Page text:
With the holidays fast approaching I wanted to address a rather important and under-recognized situation that often ads to the stress of the season: bringing home a relative with dementia. Every year many families host their loved one(s) that are permanent residents of a facility in the hopes of enriching their day. Unfortunately, for those that are not prepared for this responsibility, their lovely intentions can often backfire. So today I am going to share a few reminders and tips for those of you planning to embark on the adventure that is the holidays.
1. “This isn’t my recipe!”
As a woman I understand the strong desire we all have to perfect the recipes of our mothers, aunts, and grandmothers and serve them during the holidays just as they did. We strive for their approval and when it doesn’t come it leaves us feeling hurt, stressed, angry. But what I want you to remember is that for someone with dementia, their sense of taste has been dramatically altered. Almost everything will taste bitter or sour to them and they will desperately seek tons of sugar and salt to add to their foods, all while declaring how awful it tastes. Rest assured, you haven’t ruined the recipe, your loved one is simply incapable of tasting it properly.
2. Managing Incontinence
Often the most difficult task for family members to understand or manage is their loved one’s incontinence care. Try to remember that this is not anyone’s fault and it is important to try and preserve your patience, as well as, their dignity. Before checking them out of the facility, make sure that they use the rest room. Do so again immediately after arriving home. From that point on try to keep your loved one on a 2 hour toileting schedule. This is what is being done in the facility and it helps to avoid having a mess to clean. Additionally, you will want to keep an eye on their fluid intake. If they are consuming frequent beverages, I strongly urge you to increase the toileting to every hour and immediately after each meal. Also, keep an eye on the medications they’re taking. Many of them may cause additional issues with certain foods or beverages. If you have any questions about this, be sure to consult with the medication technicians at the facility prior to leaving.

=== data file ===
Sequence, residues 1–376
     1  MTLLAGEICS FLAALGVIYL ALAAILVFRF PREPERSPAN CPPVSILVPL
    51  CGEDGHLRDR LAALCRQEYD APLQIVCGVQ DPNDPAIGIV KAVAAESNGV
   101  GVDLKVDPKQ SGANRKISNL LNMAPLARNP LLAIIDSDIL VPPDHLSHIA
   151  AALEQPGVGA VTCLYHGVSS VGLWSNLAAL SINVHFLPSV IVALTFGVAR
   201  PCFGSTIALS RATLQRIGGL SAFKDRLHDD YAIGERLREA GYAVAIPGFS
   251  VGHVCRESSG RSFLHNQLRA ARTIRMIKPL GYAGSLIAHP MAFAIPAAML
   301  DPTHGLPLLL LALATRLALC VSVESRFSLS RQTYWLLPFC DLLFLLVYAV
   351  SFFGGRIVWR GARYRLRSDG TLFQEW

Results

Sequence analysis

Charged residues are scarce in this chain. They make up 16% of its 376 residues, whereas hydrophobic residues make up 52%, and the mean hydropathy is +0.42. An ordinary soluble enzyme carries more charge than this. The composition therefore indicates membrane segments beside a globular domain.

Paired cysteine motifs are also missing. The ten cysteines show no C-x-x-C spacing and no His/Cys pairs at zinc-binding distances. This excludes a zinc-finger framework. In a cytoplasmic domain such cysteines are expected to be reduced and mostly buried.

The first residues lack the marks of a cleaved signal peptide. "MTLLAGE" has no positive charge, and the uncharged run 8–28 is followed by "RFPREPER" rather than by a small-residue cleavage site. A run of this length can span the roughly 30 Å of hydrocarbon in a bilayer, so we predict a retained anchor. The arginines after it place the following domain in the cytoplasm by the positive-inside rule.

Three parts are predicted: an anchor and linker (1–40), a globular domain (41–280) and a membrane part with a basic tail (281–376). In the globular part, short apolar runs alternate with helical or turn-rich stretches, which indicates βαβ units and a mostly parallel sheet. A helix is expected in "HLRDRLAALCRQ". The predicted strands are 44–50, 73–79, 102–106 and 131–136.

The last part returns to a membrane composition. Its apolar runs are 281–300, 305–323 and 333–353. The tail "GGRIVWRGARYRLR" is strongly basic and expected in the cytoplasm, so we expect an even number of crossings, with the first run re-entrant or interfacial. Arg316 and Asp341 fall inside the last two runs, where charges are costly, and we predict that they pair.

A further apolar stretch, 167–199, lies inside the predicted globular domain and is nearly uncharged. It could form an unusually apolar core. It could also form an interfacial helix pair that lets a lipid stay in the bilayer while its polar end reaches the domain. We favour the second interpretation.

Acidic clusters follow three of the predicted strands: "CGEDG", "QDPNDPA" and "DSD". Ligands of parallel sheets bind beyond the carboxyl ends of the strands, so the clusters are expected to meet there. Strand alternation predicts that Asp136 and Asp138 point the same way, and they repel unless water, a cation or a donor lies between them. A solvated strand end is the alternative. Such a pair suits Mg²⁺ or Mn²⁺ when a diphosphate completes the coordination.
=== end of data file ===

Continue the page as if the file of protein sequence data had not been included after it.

3. Take a stroll down memory lane
Dementia primarily effects a person’s short term memory while leaving memories from childhood and earlier adulthood intact. Going through old family photos and reminiscing about happy stories from the past are a great way to jog your loved one’s brain and improve their mood. It can also be therapeutic for you. Because the disease is degenerative and will only get worse with time, I urge you to take these opportunities to indulge in happy memories and old stories while you still can.
4. Remember how to hit the “reset button”
In my first year in caring for assisted living residents with dementia I learned a very valuable trick that I want you to take very seriously. Many times I have tried to share this tip with family caregivers, but all too often they fail to learn the skill. I call it hitting the reset button. Often there are times when we attempt to get our loved ones to do something (take their medicine, go to the bathroom, etc.) only to meet great resistance. From there an argument often ensues. I know it is easy to fall into this pattern but try to be mindful of it. If your are met with said resistance, I encourage you to instead walk away for 5-10 minutes and make sure to calm down. In this time, your relative will also have the chance to calm down and forget that they are agitated. When you are ready re-approach. Speak calmly, slowly and clearly (without yelling) and if needed use short term prompts i.e. “Mom, I would love to go for a walk with you. Will you please walk with me?” Now you can guide her to the restroom.
The holidays can be stressful for all of us but they also offer the opportunity for happy memories, warmth, and sharing. I want to encourage all of you to be honest with yourself and the family before approaching an attempt at home visitation. If you don’t feel confident that you can handle caring for your loved one in a way that is in their best interest, than I urge you to reconsider. It may be in your best interest and theirs for the family to go to the facility and spend some time there. However, if you’re confident in your ability to welcome the additional responsibility and stress, remember to take deep breaths and be grateful for the gift that is spending time with your loved ones.